iLL Camille Discusses The Glass Ceiling of a Female Rapper


She’ll respond to a slew of monikers—Moment Making Millie, Millie the Mogul, Music Making Millie, Make It Happen Millie, or if you want to take a simpler approach, just Millie will suffice. (Seemingly, any alliterated pun is fair game.) However, there is one title which she refuses to claim— “Femcee.” The reason is uncomplicated: To the LA-based rapper, iLL Camille, that “F” in front is, well…a little redundant.

“Titties are very obvious. But I don’t think that needs to be the first thing you acknowledge. That doesn’t need to be my strong point. My strong points are the bars. You measure those against anybody—male or female. I’m an emcee, I just happen to have ovaries and shit like that.”

The refreshingly candid rapper matured to the sounds of some of Hip-Hop’s deities, including Lauryn Hill, Outkast, and Black Star. So, fittingly, when Camille decided to pick up a mic of her own, outpoured a wave of unquestionably honest lyrics and liberated streams of consciousness, clearly influenced by the informed voices of the artists that raised her.

Her raw authenticity has landed her collaborations with the likes of Kurupt, Snoop Dogg, Bobby Valentino, Damani Nkosi, Ty Dolla$ign, BJ the Chicago Kid, Iman Omari, and Robert Glasper. A casual studio gathering even led to a vocalist spot on Kendrick Lamar’s “Sing About Me, I’m Dying Of Thirst,” (catch her at about 6:40 here) and a guest appearance on Logic’s new album, Under Pressure.

Not a bad resume! Yet Camille says that though she constantly rubs elbows with these heavy hitters—both male and female—she’s still judged through a “she’s-good-for-a-female” lens.

“I feel like at a point, I’m already boxed in. I’ve reached my cap. There’s a glass ceiling there and you’re not going to put me in the likes of Kendrick Lamar or whoever your favorite is, because automatically you’re like I can only compare her to Lauryn Hill…or Nicki. That’s it. Category’s over.”


I couldn’t help but notice that she left out one very current female act from that category. Here’s what she had to say about Iggy:

“Well, the Hip-Hop purist in me is like…gahhhh! It almost makes me feel like there’s no room for me, because if that’s what y’all want. I’m the polar opposite of that. And I’m not gunna go that route at all. But, I do feel like she does have talent. But, I think one of the main things that made Hip-Hop is that it had to be authentic. And, at that point, when you take authenticity away, who cares about everything else? I don’t care how you look. I’m a female. I aint lookin’ at you! I’m trying to hear what you have to say to me. What relatesto me. What resonates with me. What touches my spirit. That, for me, is missing. But, I salute her because she figured out a way in. She figured out her loophole, got the right people behind her, and that’s not her bad. That’s the consumer. I can’t get mad at her. She’s doing what they want her to do.”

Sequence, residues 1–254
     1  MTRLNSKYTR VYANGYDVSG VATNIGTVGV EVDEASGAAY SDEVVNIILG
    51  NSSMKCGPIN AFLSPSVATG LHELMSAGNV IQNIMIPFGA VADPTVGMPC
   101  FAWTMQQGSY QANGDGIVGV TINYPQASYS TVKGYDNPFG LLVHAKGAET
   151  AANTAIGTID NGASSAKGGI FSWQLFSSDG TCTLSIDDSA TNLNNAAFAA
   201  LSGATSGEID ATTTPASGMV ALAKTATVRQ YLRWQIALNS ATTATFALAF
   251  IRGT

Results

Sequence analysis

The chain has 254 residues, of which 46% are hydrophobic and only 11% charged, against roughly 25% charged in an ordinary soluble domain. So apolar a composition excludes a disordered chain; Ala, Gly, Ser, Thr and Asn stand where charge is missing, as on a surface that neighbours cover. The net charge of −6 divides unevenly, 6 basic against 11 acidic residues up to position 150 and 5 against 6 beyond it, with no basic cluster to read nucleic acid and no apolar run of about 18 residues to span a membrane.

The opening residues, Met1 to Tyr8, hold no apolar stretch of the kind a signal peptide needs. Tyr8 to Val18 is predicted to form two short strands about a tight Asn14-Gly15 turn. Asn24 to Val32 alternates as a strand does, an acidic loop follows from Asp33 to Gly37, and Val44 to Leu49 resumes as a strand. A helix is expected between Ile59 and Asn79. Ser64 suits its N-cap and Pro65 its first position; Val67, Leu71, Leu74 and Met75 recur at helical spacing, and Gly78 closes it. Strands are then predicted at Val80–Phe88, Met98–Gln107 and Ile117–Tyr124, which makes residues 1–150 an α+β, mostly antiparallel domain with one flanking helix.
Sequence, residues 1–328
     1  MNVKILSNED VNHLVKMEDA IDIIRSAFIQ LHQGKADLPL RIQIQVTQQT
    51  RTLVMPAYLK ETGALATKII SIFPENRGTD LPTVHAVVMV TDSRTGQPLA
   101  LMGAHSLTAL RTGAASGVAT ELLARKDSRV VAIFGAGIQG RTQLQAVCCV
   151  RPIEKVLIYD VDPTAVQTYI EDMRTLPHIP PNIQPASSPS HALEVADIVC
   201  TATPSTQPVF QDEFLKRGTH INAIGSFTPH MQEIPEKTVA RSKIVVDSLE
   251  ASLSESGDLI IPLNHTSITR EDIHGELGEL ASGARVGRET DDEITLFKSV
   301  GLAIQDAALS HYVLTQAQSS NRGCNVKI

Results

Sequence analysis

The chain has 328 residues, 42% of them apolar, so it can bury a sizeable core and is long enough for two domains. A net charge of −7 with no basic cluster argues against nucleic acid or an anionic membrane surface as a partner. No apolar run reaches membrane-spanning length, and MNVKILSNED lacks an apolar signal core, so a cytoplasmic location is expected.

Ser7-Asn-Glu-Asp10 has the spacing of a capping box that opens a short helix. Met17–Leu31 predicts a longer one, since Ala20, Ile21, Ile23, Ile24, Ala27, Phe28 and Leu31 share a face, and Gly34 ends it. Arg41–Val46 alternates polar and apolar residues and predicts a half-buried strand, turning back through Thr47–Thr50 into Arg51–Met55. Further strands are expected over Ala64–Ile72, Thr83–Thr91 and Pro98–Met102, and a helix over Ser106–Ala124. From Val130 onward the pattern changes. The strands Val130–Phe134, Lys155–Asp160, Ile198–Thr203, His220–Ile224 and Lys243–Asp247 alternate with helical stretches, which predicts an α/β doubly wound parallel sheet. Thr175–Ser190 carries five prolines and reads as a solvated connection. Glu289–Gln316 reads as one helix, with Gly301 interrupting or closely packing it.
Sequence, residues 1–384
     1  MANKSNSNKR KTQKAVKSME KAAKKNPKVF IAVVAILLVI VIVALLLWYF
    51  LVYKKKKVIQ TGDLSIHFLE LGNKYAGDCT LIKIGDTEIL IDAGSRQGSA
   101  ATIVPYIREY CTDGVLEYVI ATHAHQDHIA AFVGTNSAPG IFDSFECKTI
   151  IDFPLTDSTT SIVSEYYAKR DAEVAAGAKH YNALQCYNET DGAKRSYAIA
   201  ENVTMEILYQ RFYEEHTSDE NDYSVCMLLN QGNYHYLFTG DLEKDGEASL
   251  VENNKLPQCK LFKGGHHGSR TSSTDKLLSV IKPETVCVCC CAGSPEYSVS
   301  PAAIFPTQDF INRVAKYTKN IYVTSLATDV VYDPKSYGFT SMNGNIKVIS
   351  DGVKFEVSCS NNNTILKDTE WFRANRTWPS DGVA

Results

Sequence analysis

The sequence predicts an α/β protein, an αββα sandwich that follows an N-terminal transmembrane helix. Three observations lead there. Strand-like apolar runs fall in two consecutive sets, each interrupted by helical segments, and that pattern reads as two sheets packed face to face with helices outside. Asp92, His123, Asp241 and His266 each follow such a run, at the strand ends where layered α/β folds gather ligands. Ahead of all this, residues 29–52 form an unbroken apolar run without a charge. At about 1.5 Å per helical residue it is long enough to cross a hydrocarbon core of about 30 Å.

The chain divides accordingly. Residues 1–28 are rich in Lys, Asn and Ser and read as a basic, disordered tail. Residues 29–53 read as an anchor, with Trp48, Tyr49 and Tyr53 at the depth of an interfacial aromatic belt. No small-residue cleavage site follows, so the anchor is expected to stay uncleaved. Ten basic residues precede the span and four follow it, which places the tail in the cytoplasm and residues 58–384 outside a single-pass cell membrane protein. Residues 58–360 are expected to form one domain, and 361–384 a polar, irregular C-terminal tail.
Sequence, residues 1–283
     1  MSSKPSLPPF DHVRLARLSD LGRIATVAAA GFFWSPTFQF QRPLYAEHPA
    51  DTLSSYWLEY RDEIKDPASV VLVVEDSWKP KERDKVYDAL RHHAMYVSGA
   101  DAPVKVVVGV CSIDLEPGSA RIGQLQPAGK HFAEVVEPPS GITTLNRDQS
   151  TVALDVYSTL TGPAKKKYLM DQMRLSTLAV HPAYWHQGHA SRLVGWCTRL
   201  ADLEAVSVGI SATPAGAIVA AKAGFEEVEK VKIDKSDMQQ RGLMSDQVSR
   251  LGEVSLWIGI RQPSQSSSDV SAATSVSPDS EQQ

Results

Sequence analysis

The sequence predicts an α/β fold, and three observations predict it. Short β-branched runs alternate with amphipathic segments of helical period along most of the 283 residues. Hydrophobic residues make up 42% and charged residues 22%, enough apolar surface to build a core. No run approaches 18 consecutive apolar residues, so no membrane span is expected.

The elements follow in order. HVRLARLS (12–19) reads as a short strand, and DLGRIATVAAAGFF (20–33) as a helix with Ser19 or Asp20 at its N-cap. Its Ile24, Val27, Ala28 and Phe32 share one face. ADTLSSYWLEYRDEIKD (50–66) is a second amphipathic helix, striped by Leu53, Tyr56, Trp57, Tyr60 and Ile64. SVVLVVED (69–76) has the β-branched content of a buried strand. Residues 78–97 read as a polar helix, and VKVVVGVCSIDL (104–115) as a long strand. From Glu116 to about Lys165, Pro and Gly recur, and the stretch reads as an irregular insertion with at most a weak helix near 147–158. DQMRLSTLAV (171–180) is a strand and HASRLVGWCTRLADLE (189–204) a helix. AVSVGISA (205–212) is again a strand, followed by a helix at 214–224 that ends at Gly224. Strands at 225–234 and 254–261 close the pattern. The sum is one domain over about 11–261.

iLL Camille rallies for a team which sells “soul not sex.” And yet, she still feels a constant pressure—even from friends and family—to shed a few layers of clothes. Without hesitation, Camille admitted that adding more “sexy” to the mix would absolutely accelerate her path to “success.” But, she isn’t aiming for the fast track.

“I get people—men and women—who ask why I cover up so much…I just do things my way—whatever feels comfortable to me. In this stage of my career, I’m more concerned with people being comfortable with who they are than working on who they aren’t. So, I do that music for them. And if it takes a little longer to have longevity, then so be it. Substance and sweats are sexy too!”

A conversation about “overly sexualized” female rappers is about as common as sand on the beach in the Hip-Hop community. Of course, the topic deserves the attention given to an entire college thesis, and it also requires the assumption that a woman rapper embracing the power in her sexuality is not something to be celebrated. But, assuming that the sexualization of female rappers is exactly what’s preventing them from being judged in the same talent bracket as male rappers, iLL Camille suggests a step in the right direction.

“I think there needs to be unity with female rappers. I think that because we are often set against one another.”

There’s a but…

“But on the flip side of that, I’m like, I’m only gunna rock with who I think is dope. Just cause you a female, doesn’t mean I’m gunna be like, ‘Yo let’s collab!’ I expect you to have that same criteria when it comes to me. ‘Female’ doesn’t get you in with me. This is not affirmative action. This is Hip-hop. There has got to be some sort of standard there.”

While continuing to pursue a golden standard in music, iLL Camille is steadily maturing as an artist, evolving significantly since her last solo project, Illustrated, which dropped two years ago. She is now gearing up to release Illustrated B-Sides, what she considers to be a more evolved representation of her artistry and mission to promote a healthy self-image for her female fanbase.

“It’s now more personal. On Illustrated, I was just kinda like, here’s the line of personal and not. I’ll give you just a little bit. But now I’m all the way in. Illustrated B-Sides is so personal. It’s so specific. It’s so ME to the core. I’m not afraid to do that anymore. There’s a two-year gap between Illustrated and now. So, I’ve grown a lot as a human being and it’s natural that it’s going to come out in what I do as an artist. I just am who I am so as I grow you’re going to hear my music grow.”

To hear the growth for yourself, lookout for Illustrated B-Sides, which is set to drop early 2015.

Written by: Shannon Weprin 



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